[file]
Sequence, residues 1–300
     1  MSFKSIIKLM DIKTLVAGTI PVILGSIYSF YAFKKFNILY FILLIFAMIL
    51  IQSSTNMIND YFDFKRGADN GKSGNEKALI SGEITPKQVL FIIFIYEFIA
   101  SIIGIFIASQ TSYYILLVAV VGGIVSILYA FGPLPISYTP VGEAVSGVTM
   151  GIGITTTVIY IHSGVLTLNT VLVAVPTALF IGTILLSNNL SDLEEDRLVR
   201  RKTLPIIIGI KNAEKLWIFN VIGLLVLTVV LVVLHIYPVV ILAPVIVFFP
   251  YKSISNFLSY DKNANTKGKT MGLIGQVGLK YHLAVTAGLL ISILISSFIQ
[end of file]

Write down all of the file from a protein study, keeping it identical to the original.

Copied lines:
Sequence, residues 1–300
     1  MSFKSIIKLM DIKTLVAGTI PVILGSIYSF YAFKKFNILY FILLIFAMIL
    51  IQSSTNMIND YFDFKRGADN GKSGNEKALI SGEITPKQVL FIIFIYEFIA
   101  SIIGIFIASQ TSYYILLVAV VGGIVSILYA FGPLPISYTP VGEAVSGVTM
   151  GIGITTTVIY IHSGVLTLNT VLVAVPTALF IGTILLSNNL SDLEEDRLVR
   201  RKTLPIIIGI KNAEKLWIFN VIGLLVLTVV LVVLHIYPVV ILAPVIVFFP
   251  YKSISNFLSY DKNANTKGKT MGLIGQVGLK YHLAVTAGLL ISILISSFIQ